paraplegia

par·a·ple·gi·a

/ˌparəˈplēj(ē)ə/

Noun

Paraplegia is a condition caused by damage to the spinal cord, that results in paralysis of the legs and lower body.

parasympathetic nervous system

par·a·sym·pa·thet·ic nerv·ous sys·tem

ˌ/parəˌsimpəˈTHetik ˈnərvəs ˈsistəm/

Noun

The parasympathetic nervous system can be thought of as a “brake” to the sympathetic system “accelerator”. Another term for the parasympathetic system is the “feed and breed” response system, which helps to describe its function. When activated, the body slows down, focusing its attention to building reserves by encouraging digestion and rest. The body also uses the parasympathetic response system to initiate the sexual responses necessary for intercourse and ultimately, reproduction.

parathyroid

par·a·thy·roid

/ˌparəˈTHīˌroid/

Noun

The parathyroid is part of the endocrine system, located next to the thyroid in the neck. It secretes hormones that regulate calcium levels.

parenteral

pa·ren·te·ral

/pəˈrentərəl/

Adjective

A medications that is absorbed by a route other than the gastrointestinal tract, such as by injection or inhalation.

paresthesia

par·es·the·si·a

/ˌparəsˈTHēZH(ē)ə/

Noun

Paresthesia is a condition caused by damage to the spinal cord, that can result in loss of sensation or a tingling/pricking feeling. Colloquially called "pins and needles."

parethesia

par·es·the·si·a

/ˌperəsˈTHēZH(ē)ə/

Noun

Abnormal or lost sensation that occurs when the sensory tracts are disrupted

parietal discomfort

pa·ri·e·tal dis·com·fort

/pəˈrīəd(ə)l disˈkəmfərtl/

Noun

Pain caused by irritation of the lining of the abdominal cavity. Most parietal discomfort is described as sharp, constant and can be increased by movement due to deep breathing, coughing or stretching.

parietal lobe

pa·ri·e·tal lobe

/pəˈrīəd(ə)l lōb/

Noun

The part of the brain responsible for spatial orientation and sensory functions

parietal peritoneum

pa·ri·e·tal per·i·to·ne·um

/pəˈrīəd(ə)l ˌperitnˈēəm/

Noun

The outer membrane that adheres to the abdominal cavity walls

parietal pleura

pa·ri·e·tal pleu·ra

/pəˈrīəd(ə)l ˈplo͝orə/

Noun

The pleural membrane that lines the inner surface of the thoracic cavity.

parital seizure

par·tial sei·zure

/pahr shuh l ˈsēZHər/

Noun

Seizure caused by electrical discharges that are limited to a portion of the brain. They are often secondary seizures that result from a lesion in the brain

partial rebreather mask

par·tial re·breath·er mask

/pahr shuhl rēbrēth′ər mask, mahsk/

Noun

An oxygen delivery device in which a flap valve is removed from one of the side ports, which allows atmospheric air to pass into the mask in case oxygen abruptly stops flowing. It delivers less oxygen than an NRB mask, approximately 60%, inspired oxygen at a liter flow of 10 to 15 lpm.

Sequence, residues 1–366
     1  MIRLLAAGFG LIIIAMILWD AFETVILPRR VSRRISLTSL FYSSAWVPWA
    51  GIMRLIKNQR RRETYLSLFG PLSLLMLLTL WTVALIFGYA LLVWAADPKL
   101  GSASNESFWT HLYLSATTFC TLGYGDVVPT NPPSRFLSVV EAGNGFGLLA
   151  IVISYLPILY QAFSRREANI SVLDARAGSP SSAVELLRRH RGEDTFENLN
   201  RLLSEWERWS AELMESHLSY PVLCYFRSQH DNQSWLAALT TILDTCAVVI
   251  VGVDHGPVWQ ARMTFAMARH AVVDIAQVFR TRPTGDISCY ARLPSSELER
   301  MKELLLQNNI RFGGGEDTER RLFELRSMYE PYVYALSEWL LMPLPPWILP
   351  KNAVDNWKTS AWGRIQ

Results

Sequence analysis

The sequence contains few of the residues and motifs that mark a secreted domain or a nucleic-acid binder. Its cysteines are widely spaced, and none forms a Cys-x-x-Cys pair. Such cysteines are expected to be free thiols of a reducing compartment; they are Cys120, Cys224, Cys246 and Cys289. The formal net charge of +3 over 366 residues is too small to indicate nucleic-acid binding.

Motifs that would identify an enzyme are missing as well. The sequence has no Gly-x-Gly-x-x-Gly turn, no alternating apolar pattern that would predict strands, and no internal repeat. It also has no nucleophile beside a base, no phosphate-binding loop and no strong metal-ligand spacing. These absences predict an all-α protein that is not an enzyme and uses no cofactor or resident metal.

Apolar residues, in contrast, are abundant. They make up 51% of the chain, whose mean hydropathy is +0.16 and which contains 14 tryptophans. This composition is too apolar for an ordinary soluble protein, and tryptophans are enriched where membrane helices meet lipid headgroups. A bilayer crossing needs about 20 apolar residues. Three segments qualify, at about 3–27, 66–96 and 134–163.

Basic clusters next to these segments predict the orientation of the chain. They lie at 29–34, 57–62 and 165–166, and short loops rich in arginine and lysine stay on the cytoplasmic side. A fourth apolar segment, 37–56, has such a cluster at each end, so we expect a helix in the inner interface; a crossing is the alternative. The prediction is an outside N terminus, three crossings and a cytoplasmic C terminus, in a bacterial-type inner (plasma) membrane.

partial thickness burn

par·tial thick·ness burn

/ˈpärSHəl ˈTHiknəs bərn/

Noun

A burn that involves the epidermal and dermal layers of the skin. Often presents with bllisters, which can form as fluid collects from the damaged dermal layer. Partial thickness burns can be superficial or deep, depending on the thickness of the dermis involved.

patency

pa·ten·cy

/ˈpatn-sē,ˈpātn-/

Noun

How well air passes from the outside environment into the lower airways. Under normal conditions, there should be no obstructions impeding airflow; therefore little or no sounds should be heard with normal ventilations.

pathogen

path·o·gen

/path uh juhn, jen/

Noun

Infectious cells and microorganisms

patient advocacy

pa·tient ad·vo·ca·cy

/ˈpāSHənt ˈadvəkəsē/

Noun

Working for the benefit of the patient. This might include speaking up for the patient when transferring care, to make sure he is moved to the appropriate bed or is promptly seen by a nurse or physician.

pediatric assessment triangle

pe·di·at·ric as·sess·ment tri·an·gle

/ˌpi diˈæ trɪks, əˈsesmənt ˈtrīˌaNGɡəl/

Noun

A tool that helps identify physiologic instability, direct resuscitation priorities, and determine transport decisions, from "across the room" without threatening an anxious child. The three components of the PAT include: 1) appearance; 2) work of breathing; and 3) circulation to skin.

peer review

peer re·view

/pi(ə)r riˈvyo͞o/

Noun

The process in which manuscripts that are submitted to scholarly journals by researchers are sent to other experts for evaluationa nd consideration.

pelvic cavity

pel·vic cav·i·ty

/ˈpelvik ˈkavitē/

Noun

The space bounded by the bones of the pelvis, which contains the urinary bladder, the last portion of the large intestines, and internal reproductive organs.

pelvic inflammatory disease

pel·vic in·flam·ma·to·ry dis·ease

/ˈpelvik inˈflaməˌtôrē dis·ease/

Noun

An infection of the uterine tubes, uterus, peritoneal lining, occasionally the ovaries, that is a major cause of abdominal pain.

penetrating trauma

pen·e·trat·ing trau·ma

/ˈpeniˌtrātiNG ˈtroumə/

Noun

Penetrating injuries tend to be very localized on the body. The force associated with a penetrating object is great enough to break through the skin and cause injury, sometimes deep inside the body.

perfusion

per·fu·sion

/pər'fyo̅o̅′zhən/

Noun